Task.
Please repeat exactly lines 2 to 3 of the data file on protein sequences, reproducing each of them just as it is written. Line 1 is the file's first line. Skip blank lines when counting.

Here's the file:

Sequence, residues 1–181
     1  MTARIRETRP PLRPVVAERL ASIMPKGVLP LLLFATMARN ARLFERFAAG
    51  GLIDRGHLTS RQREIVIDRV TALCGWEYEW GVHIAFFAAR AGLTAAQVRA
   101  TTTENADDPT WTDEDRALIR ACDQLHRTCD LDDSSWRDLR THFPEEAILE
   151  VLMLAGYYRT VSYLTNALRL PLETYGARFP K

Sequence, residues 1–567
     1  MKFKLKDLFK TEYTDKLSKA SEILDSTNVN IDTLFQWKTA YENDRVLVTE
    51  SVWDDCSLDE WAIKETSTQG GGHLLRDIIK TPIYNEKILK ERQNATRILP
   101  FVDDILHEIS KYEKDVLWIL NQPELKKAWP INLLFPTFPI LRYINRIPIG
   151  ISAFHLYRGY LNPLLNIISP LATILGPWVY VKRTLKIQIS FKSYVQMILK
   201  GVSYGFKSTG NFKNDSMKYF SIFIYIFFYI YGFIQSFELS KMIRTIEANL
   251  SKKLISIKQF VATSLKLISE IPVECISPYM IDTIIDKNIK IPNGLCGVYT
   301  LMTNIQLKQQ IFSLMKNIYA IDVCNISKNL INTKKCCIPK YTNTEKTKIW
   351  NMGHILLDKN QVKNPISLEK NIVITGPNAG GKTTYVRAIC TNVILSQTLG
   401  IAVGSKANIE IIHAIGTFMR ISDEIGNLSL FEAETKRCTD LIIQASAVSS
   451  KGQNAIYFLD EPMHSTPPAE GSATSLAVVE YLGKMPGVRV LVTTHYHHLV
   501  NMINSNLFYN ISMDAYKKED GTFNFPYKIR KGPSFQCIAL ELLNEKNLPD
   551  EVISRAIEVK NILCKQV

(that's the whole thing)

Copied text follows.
     1  MTARIRETRP PLRPVVAERL ASIMPKGVLP LLLFATMARN ARLFERFAAG
    51  GLIDRGHLTS RQREIVIDRV TALCGWEYEW GVHIAFFAAR AGLTAAQVRA